Mr Thani said the petition, signed by Mr Veera and Ms Ratree, was submitted through the Cambodian Foreign Ministry on March 14.

The petition had been forwarded to the proper agency and was being considered, he said.
Detained yellow-shirt activist Veera Somkwamkid

Asked Mr Veera's reported illness, Mr Thani said the Thai embassy reported that his condition had improved.

Asked if a change of government after the general election would affect the petition for a royal pardon, Mr Thani said he did not think so.

No matter what the politics may be, the Foreign Ministry is duty-bound to help Thai people in trouble, he said.

Mr Thani had no idea how long the pardon process would take.

Mr Veera and Ms Ratree were among the seven Thais arrested by Cambodian soldiers on Dec 29 for illegal entry.

The five other Thais were sentenced by the Phnom Penh Municipal Court to nine months in jail for illegal entry. They were freed after the remaining eight months in jail was suspended by the court.

The pair was additionally charged with spying. Mr Veera was sentenced to eight years in jail and Ms Ratree six years in jail.

Did you

U.S wants joint meeting with Cambodia, Vietnam, Laos on search for U.S remains

via CAAI

March 23, 2011

The United States wants a meeting together with Cambodia, Vietnam and Laos to speed up searching for the remains of American soldiers missing in the Vietnam War, said Ann Mills Griffiths, head of the National League of POW-MIA Families, on Wednesday.

She made the suggestion during a meeting with Cambodian Prime Minister Hun Sen, and she also thanked Cambodia for helping the U. S search for American soldiers' remains in Cambodia, the spokesman for the Prime Minister, Eang Sophalleth, told reporters after the meeting.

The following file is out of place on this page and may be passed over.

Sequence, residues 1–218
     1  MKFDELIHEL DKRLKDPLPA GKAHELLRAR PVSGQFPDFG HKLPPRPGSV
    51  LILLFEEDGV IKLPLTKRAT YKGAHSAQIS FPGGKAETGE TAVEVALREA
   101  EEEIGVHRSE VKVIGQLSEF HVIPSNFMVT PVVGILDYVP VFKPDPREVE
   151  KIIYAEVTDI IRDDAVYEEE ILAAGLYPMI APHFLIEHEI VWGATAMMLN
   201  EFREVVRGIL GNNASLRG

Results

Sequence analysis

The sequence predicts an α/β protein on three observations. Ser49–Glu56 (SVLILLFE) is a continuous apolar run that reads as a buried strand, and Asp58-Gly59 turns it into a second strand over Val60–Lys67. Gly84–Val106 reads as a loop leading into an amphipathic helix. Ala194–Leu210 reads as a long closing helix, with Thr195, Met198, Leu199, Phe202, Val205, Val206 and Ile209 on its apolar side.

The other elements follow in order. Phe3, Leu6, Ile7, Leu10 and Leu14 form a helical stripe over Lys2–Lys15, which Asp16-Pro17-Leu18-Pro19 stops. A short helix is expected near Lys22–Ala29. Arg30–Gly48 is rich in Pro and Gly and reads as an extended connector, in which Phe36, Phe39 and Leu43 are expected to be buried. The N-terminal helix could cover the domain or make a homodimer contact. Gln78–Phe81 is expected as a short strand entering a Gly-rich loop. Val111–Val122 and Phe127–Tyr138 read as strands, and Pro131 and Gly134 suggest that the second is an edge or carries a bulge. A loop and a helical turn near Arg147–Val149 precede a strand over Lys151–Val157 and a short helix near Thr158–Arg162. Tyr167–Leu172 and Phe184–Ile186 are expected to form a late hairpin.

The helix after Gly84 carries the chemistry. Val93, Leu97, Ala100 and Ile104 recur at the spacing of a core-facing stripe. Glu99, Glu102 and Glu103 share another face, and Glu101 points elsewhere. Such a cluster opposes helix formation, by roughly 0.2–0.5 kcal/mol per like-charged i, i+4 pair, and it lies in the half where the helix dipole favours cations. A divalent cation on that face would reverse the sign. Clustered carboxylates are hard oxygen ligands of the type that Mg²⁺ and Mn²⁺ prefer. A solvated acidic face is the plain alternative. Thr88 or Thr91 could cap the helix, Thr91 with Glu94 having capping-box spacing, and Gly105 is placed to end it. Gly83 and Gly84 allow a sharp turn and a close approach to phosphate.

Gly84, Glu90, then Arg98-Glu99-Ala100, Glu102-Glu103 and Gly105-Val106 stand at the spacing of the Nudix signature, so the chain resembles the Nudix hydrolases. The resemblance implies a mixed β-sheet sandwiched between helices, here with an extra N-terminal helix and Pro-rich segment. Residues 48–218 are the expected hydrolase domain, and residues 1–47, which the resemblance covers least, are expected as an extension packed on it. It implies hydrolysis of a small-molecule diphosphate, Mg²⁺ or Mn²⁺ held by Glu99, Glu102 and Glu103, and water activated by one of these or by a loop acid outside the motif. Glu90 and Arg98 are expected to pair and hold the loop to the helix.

Meanwhile, the premier reiterated that Cambodia will cooperate actively on this issue.

Gen. Pol Saroeun, commander-in-chief of the Royal Cambodian Armed Forces (RCAF), has also urged the U.S to speed up search as people who have known this issue are very old now.

According to the U.S. POW/MIA (Prisoner of War/Missing in Action) Office, at the end of the Vietnam War, there were 81 U.S. personnel missing in Cambodia.

Cambodia has also allowed Vietnam to search the remains of its troops who had lost their lives in the country.

Source: Xinhua

Former sex slave turned activist to speak at MTSU

via CAAI

Associated Press - March 23, 2011

MURFREESBORO, Tenn. (AP) - Somaly Mam, an internationally acclaimed anti-human trafficking activist, is going to be this year's keynote speaker at the Middle Tennessee State University Women's and Gender Studies Program's Interdisciplinary Conference.